SONY TRINITRON ONE COLOUR PREDOMINANT SCREEN
Sony Trinitron sets are of CRT [Caothde Ray Tube] types. The common fault seen in these type of TVs are any one colour predominant on screen wih sound OK. Either red, blue or green colour with some thin horizontal lines at about an inch apart will be seen on the entire screen. This is totally a display card problem, which can be seen pluged onto the picutre tube neck. There are three electron guns for every picture tube, which emits red, blue, and green beams, which in turn illuminates the phosphor on the screen to get that colour. If no emission from all guns, results in a blank screen, ie black screen without any disply at all. The three colour beams together produces proper coloured picture what we see on screen. These three gun's terminals are brought out by pins of the picture tube outside to which video signals are given in appropriate proportion to produce a TV picture. Normally, all these three pins are biased with a voltage of about 170 to160VDC+ve. Take one colour gun, as an example and and let me describe the problem.
Let it be a green gun. These guns are called cathodes of the picture tube. If it gets a voltage with respect to its grid, it will emit electrons according to the voltage applied to it. This is a negative process, that is, as the voltage at this pin drops, its emisson incresses and vice versa. If the emission increase, the colour with respect to that gun also will increase and gets predominant at the screen. So when we see a green predominant screen, there will be less voltage at the green cathode with resepect to the other two. If red colour is predominant, the voltage at red cathode will be less than the other two. If blue colour is predominat, the voltage at the blue cathode will be less than the other two.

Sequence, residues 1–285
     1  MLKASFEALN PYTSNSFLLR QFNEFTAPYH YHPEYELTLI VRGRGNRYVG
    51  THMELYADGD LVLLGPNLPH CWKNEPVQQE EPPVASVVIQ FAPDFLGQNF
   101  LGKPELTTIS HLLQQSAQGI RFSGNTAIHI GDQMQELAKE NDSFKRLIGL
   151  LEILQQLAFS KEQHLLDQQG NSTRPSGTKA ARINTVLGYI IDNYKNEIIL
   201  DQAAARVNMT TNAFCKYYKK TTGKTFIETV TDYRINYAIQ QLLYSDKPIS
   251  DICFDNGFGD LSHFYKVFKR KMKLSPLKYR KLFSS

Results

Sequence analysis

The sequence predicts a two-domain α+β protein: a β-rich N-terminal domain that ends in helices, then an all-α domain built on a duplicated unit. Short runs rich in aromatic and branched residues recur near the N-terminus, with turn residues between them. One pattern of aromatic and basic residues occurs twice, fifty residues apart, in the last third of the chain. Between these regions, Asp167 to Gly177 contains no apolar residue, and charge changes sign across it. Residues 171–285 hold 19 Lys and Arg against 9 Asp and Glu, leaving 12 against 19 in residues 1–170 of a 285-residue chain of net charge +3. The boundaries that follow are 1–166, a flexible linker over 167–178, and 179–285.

We must find out the reason for this fault first. Assume that your Tv has a red predominant screen with some thin lines across it, at about one inch apart of the entire screen, it is clear that the the red cathode voltage is very lower than the other two. the main reason for this fault, normally seen in most of the Sony Trinitron, are loose soldering points either to the picture tube base socket or the resistor connected between the red drive transistor's collector point. Resoldering the most of these points on the base card by applying a little more solder will rectify this probelm. Other possibility is shorted video output transistor of that cathode. A direct short [collector to emitter] of these transistors will drop volatge to very low at that respective cathode of the picture tube, and that colour will be pridominant along with lines. Replacing the transistor will solve the problem. In some cases, the resistor connected to that transistor may have blown out. If so, it should alo be replaced. Whatever the case may be, voltage at the respective cathode that emits colour will be very low with respect to the other two. Find out the reason and rectify it. You can compare the voltages of the other two cathodes with respect to the faulty colur cathode. Cathode pins will be marked on the base card, and can be identified. It is best to pull out the base card from the picture tube neck and place it somewhere a safe place without shorting it with other parts of the TV. You can measure the voltages of these points very easly, without fearing the damge to the picture tube. After all are found Ok, replug the base card and switch on the TV. The set will be alright. In rare cases, chroma IC also can be a reason for this fault. if it is faulty, after a short period after switch on the TV, the IC will overheat and shutdown the entire system.
on Mar 21, 2011 | Flat Panel Televisions